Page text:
After the evaluation, the patient underwent a FDG-positron emission tomography–computed tomography (PET/CT) scan for staging, in which HCC showed a typical modest FDG accumulation and no extrahepatic tumor manifestations. Surprisingly, two intense focal cuneiform FDG accumulations were detected in the spleen [Figure 1].
|Figure 1: Maximum intensity projection of the patient's initial fluorodeoxyglucose-positron emission tomography–computed tomography. Two intense, focal, cuneiform splenic lesions (blue arrows). The hepatocellular carcinoma shows typical modest fluorodeoxyglucose uptake|
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On CT images, these two lesions showed the typical configuration of acute infarctions with wedge-shaped subcapsular contrast defects, especially in the venous phase. These lesions were not seen in the preliminary examination 1 month ago, in which HCC was initially observed.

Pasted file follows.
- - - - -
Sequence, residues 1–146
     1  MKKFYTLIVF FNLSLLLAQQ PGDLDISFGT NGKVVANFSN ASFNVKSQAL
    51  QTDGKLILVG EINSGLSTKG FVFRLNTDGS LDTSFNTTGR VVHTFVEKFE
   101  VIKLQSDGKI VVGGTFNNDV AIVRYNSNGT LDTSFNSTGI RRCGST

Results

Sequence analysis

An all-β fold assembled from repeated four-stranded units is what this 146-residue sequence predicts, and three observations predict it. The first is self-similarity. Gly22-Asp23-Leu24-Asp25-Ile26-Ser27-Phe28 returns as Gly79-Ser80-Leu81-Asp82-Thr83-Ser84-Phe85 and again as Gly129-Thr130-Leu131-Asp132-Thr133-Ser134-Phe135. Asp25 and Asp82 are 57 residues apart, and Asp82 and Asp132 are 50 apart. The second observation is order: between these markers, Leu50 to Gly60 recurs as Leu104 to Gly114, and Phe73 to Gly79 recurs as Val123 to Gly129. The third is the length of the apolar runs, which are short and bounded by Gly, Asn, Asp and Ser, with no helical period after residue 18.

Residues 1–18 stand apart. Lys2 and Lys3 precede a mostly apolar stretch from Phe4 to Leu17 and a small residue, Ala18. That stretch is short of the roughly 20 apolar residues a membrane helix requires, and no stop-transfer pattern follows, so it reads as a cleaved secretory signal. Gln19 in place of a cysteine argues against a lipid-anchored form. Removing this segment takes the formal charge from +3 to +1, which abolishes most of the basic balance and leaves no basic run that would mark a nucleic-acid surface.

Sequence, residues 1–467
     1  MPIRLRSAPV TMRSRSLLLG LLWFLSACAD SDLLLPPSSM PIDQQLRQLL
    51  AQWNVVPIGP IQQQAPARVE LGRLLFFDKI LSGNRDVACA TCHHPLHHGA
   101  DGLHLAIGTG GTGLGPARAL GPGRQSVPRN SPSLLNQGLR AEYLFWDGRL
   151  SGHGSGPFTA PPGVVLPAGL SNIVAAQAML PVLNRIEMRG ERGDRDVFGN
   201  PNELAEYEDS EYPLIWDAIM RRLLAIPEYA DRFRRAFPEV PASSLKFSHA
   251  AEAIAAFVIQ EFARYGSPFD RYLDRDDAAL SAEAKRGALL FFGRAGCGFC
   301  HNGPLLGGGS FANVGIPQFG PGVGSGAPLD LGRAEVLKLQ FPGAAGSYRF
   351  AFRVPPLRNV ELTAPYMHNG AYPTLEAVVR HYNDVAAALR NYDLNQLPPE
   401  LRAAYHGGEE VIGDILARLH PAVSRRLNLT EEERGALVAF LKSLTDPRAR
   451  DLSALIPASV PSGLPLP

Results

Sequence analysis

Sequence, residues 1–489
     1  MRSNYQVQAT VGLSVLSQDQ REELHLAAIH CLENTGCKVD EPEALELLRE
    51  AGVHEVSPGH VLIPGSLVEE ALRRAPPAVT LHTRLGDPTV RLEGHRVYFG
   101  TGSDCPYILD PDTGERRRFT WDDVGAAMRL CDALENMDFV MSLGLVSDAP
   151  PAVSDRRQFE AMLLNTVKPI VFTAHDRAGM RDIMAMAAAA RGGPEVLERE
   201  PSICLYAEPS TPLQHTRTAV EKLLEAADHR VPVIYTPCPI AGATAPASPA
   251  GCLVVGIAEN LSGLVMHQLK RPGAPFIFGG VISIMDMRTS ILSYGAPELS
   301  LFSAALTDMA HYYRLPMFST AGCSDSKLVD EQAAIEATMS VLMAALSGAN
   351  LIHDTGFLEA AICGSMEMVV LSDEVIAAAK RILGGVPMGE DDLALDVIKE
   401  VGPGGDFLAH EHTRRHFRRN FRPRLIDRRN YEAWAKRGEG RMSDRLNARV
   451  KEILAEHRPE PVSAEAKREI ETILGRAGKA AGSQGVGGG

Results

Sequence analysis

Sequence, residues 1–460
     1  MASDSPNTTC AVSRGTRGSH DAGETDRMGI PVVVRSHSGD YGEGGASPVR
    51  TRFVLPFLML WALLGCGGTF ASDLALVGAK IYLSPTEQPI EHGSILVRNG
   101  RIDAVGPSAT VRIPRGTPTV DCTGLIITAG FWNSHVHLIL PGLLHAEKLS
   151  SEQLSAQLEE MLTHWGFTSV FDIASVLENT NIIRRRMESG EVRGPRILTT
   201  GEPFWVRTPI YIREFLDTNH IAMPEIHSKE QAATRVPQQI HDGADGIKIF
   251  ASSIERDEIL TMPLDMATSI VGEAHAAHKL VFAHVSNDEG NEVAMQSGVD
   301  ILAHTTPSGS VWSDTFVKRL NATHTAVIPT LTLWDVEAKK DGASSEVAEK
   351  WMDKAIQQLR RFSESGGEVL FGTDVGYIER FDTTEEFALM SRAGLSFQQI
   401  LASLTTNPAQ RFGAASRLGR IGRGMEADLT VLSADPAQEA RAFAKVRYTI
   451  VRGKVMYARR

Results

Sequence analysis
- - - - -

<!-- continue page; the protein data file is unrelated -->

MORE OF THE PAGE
Retrospectively, notable findings were seen in the pre-SIRT evaluations performed on the day before PET/CT. In the Tc-99m-sulfur colloid scintigraphy, there were cuneiform photopenic areas in the spleen [Figure 2]. In the conventional angiography, the infarct area showed slightly lower contrast. In the Tc-99m-MAA scintigraphy, there was no tracer accumulation in the spleen.
|Figure 2: 99mTc-sulfur colloid scintigraphy: cuneiform lineal photopenic areas in the infarct regions (blue arrows). In addition, multiple hepatic photopenic lesions due to hepatocellular carcinoma are visible|
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In the first follow-up PET/CT 4 months after SIRT, the formerly focal hypermetabolic infarcted areas showed no increased FDG uptake anymore. However, they were still detectable on CT although smaller.